Irish ETFs set to exceed $500bn by 2020

Ireland already hosts some $250bn in exchange traded funds; growth will come from international investor demand

Globally the market for exchange-traded funds is expected to soar to $5 trillion by 2020.

Globally the market for exchange-traded funds is expected to soar to $5 trillion by 2020.


Irish domiciled exchange-traded funds are set to double to $500 billion by 2020, as new investors seek to integrate them into their portfolios and fund sponsors continue to introduce more products.

According to a report from PwC, Ireland is already host to some $250bn in ETF assets, but it has the potential to double this by 2020.

However, while Ireland has been at the forefront of ETF growth, Andrew O’Callaghan, PwC European ETF leader, warned that there are challenges ahead.

“In order for Ireland to continue to succeed we need to stay competitive, have an even greater focus on innovation, continue to develop our skills and ensure that our regulatory and tax environment is conducive to business. Ireland is in a good position to achieve this growth and the strategic priority for Government is at the heart of making this happen,” he said, adding that it will be important that “industry continues to work with Government in a co-ordinated fashion when we go to market abroad.”

Globally, the report, ETF 2020: Preparing for a new horizon, which surveyed executives from 60 ETF sponsors, asset managers and service providers around the world that account for over 70 per cent of global assets, reveals more than three out of four executives expect ETF assets to at least double, to reach $5 trillion or more by 2020.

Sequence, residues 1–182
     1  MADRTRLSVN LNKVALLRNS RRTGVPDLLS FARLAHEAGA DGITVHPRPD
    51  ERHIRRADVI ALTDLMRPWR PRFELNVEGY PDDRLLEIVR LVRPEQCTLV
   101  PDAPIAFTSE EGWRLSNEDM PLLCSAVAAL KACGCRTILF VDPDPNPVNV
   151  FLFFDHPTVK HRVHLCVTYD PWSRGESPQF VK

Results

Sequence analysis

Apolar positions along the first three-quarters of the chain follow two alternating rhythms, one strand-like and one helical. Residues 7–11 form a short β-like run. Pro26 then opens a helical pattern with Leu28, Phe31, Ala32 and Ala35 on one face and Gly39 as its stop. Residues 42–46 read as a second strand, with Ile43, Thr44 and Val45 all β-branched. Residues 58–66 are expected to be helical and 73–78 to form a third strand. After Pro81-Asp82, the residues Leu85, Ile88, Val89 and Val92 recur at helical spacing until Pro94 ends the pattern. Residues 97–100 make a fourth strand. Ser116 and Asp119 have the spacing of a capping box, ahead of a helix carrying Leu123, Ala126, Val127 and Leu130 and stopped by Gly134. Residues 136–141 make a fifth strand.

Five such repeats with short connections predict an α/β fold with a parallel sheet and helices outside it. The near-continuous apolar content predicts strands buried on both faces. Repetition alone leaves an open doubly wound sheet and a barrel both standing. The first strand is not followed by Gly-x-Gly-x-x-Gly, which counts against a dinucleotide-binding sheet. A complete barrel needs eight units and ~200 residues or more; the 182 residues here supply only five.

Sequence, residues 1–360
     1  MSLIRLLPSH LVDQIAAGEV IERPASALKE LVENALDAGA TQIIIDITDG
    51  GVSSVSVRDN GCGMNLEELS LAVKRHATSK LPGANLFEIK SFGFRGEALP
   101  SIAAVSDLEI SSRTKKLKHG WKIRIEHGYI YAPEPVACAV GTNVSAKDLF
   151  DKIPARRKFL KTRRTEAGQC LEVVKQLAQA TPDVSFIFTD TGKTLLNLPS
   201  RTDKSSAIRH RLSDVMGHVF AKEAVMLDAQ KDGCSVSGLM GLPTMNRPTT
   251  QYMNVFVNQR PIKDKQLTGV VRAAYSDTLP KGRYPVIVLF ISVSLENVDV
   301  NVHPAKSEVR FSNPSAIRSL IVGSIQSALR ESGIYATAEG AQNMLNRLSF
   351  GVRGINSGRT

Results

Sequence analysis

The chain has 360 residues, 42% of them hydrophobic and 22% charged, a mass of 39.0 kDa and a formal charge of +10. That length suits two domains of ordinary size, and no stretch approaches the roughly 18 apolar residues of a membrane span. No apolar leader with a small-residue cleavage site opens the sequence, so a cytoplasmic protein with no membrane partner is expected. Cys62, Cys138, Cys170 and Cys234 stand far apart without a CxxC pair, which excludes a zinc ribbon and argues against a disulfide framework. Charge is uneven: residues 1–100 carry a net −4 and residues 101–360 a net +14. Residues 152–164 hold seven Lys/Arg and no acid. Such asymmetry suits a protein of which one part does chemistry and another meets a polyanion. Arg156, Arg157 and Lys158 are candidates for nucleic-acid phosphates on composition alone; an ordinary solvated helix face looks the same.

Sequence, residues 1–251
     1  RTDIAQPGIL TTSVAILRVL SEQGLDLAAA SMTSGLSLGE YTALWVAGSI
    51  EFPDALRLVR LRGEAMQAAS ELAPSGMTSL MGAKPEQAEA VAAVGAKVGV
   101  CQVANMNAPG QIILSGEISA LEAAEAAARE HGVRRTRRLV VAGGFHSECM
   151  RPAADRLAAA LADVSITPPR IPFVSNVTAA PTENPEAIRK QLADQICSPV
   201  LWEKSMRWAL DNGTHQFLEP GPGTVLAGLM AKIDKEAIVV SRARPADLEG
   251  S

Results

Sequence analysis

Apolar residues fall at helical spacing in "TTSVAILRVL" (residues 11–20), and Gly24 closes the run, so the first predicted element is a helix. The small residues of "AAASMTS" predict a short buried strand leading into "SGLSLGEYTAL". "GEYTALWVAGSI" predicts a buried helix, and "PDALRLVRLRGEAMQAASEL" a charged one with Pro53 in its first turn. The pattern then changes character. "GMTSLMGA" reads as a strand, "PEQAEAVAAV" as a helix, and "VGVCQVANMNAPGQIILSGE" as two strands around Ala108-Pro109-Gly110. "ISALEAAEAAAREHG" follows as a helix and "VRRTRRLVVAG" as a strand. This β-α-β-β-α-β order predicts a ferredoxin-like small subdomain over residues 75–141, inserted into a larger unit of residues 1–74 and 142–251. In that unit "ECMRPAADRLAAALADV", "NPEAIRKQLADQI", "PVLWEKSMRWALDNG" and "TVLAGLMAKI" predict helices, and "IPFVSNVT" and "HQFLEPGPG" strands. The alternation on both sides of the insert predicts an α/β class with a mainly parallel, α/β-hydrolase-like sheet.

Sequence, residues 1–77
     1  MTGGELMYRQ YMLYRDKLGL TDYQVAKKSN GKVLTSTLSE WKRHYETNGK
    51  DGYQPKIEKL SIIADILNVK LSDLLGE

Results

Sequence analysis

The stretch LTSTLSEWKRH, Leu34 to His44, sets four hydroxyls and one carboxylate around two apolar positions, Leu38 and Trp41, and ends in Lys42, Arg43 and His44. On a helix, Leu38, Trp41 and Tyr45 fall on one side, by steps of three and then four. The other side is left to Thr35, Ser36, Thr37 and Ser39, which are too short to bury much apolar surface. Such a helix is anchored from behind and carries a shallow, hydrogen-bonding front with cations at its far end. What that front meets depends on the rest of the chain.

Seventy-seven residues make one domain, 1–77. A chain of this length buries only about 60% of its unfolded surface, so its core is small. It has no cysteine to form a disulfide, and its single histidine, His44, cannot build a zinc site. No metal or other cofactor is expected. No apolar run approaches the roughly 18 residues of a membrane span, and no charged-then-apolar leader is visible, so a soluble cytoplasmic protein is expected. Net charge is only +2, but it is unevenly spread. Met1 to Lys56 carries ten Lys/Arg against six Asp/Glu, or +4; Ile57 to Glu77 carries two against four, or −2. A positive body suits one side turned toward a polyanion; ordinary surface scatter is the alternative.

Institutional investors are widely expected to be the primary growth driver with insurance companies, pension plans and hedge funds in particular, projected to be significant sources of demand for ETFs.

Another driver of growth will be regulatory forces. In Europe, MiFID II and Retail Distribution Review (RDR) are set to ban the use of commissions by independent financial advisors, which to date worked against ETFs in the retail market.

Going forward, active ETFs are expected to be a source of significant growth in Europe. According to PwC, more streamlined operations to facilitate the cross-listing and settlement could make European ETFs much more attractive and cost effective.